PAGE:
Ending several weeks of speculation (and a couple of years of wishful thinking and fervent hoping among fans), Atlus announced Persona 5, the latest installation in the long-running Japanese RPG series. “Persona 5 will launch for PlayStation 3 in Japan during winter 2014,” reports Polygon, followed by ‘three spin-off titles coming for various platforms.’
At this point, Atlus has only released a (traditionally) vague teaser trailer for Persona 5 highlighting the game’s early tagline: “You are a slave. Want emancipation?” Each of the recent Persona releases have also featured a predominant colour in their design, blue for Persona 3 and yellow for Persona 5, and it appears that the next game will heavily feature the colour red in its design.
NeoGAF user Duckroll has translated early reports from Dengeki (a Japanese videogame magazine), with some vague details about the game’s premise. “The setting of the chairs in the teaser is a highschool classroom,” Duckroll translates. “The theme of the game is about the emotion joy of being released after overcoming trials – hence the imagery of chairs and chains. The game will continue to be focused on school juvenile setting of the series, but the tone this time will be completely different.”
It’s interesting to note that Persona 5 has been announced for release on the PlayStation 3, rather than the recently-released PlayStation 4. Atlus, and the Persona series in particular, has a history of releasing instalments on legacy platforms. Persona 4 was released on the PlayStation 3 several months after the PlayStation 3 hit stores.
In addition to Persona 5 several other titles were announced. These spin-off titles include:
- Persona Q: Shadow of the Labyrinth (Nintendo 3DS), an Etrian Oddysey-style ‘dungeon crawler that brings the heroes of Persona 3 and Persona 4 together.’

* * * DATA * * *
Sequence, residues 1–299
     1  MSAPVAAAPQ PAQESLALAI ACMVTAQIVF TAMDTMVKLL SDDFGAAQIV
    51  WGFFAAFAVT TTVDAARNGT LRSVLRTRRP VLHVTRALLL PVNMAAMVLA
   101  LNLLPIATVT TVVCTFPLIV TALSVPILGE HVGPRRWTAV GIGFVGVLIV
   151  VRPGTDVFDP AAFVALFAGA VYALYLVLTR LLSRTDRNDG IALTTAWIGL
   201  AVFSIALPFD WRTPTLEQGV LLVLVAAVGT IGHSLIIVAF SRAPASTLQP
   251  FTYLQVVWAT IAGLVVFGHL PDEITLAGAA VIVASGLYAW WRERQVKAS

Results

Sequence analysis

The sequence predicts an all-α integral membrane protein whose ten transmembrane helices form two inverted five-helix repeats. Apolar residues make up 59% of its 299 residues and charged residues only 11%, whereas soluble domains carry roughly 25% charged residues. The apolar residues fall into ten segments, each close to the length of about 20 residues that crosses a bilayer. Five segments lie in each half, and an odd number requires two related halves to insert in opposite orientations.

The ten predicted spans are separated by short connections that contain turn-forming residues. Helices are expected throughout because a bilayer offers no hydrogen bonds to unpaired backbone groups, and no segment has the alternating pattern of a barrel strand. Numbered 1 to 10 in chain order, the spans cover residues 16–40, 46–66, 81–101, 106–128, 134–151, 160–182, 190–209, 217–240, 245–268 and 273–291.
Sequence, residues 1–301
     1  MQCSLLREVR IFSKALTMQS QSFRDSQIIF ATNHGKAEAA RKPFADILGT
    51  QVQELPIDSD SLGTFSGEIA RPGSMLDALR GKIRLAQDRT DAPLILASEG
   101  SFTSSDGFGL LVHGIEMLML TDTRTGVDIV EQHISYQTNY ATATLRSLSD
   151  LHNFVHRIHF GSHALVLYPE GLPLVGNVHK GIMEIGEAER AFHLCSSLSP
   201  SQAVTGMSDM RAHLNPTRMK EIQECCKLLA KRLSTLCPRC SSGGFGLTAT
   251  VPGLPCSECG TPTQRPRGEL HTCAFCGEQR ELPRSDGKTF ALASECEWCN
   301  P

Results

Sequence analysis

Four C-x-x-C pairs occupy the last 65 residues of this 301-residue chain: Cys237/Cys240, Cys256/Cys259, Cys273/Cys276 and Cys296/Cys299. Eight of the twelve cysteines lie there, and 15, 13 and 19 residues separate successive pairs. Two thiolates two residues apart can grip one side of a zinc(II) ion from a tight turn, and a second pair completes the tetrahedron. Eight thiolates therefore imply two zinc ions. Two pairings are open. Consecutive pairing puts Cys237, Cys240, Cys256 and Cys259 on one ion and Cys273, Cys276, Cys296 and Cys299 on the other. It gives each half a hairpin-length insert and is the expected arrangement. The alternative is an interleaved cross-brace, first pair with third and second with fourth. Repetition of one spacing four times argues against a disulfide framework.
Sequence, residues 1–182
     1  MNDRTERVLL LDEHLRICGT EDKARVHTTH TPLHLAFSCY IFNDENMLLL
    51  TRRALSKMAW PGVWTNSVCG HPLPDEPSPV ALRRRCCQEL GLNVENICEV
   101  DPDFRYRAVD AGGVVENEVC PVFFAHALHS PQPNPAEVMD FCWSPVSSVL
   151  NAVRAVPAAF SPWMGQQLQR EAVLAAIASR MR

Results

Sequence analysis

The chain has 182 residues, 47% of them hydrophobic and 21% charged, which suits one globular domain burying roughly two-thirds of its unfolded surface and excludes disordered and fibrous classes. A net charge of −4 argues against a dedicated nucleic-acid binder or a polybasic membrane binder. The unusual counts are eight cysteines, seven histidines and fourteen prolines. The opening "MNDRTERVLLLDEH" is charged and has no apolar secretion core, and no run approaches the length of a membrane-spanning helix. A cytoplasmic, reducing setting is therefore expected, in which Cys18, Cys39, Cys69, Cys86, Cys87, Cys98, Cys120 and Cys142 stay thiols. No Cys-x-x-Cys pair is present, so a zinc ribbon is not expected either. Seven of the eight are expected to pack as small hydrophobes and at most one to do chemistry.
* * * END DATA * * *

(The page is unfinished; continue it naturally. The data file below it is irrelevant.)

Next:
- Persona 4: Dancing All Night (PlayStation Vita), a ‘sound action game [where] players will be able to compete in “Battle Dances” against shadows.’
- Persona 4: The Ultimax Ultra Suplex Hold (PlayStation 3), a sequel to Persona 4 Arena.
At the time of this article’s writing, there is no North American release date for Persona 5 or any of its spin-off titles.
Since the Fall 2012 release of the Wii U, Nintendo has been trying to convince gamers to make the switch from their tried-and-true PlayStation 3s, Xbox 360s and Wiis, for a new, shiny Wii U. The problem, those systems are already in gamers living rooms/dens and have a ton of good games, many still to come. It’s never safe to count Nintendo out, especially when you’re an long time fan of their mainstay franchises, and they’ve certainly taken a big step towards winning over gamers with today’s announcement of The Legend of Zelda: Wind Waker HD, a full-HD remake of the classic Nintendo Gamecube game. Unlike many HD ‘remakes’ release on the Xbox 360 and PlayStation 3, which are little more than uprezzed versions of classic games, with little attention to detail given to updating the gameplay for a new audience, this appears to be a full remake. Think, if you will, the remake of Resident Evil released for the Gamecube, rather than the recent remake of Okami for the PlayStation 3. Both are terrific games, but the ideals behind the remakes are entirely different.
These screenshots are gorgeous. The Legend of Zelda: Wind Waker is known for its bold and (at the time) divisive art style. Though it’s 10 years old, the original release holds up better graphically than games released five years afterwards. To see Nintendo giving such care and attention to the game makes me feel all warm and tingly inside. The bloom lighting is a little much, but I’m banking on the idea that it will look more organic and impressive during gameplay. I’m waiting anxiously for video of this remake.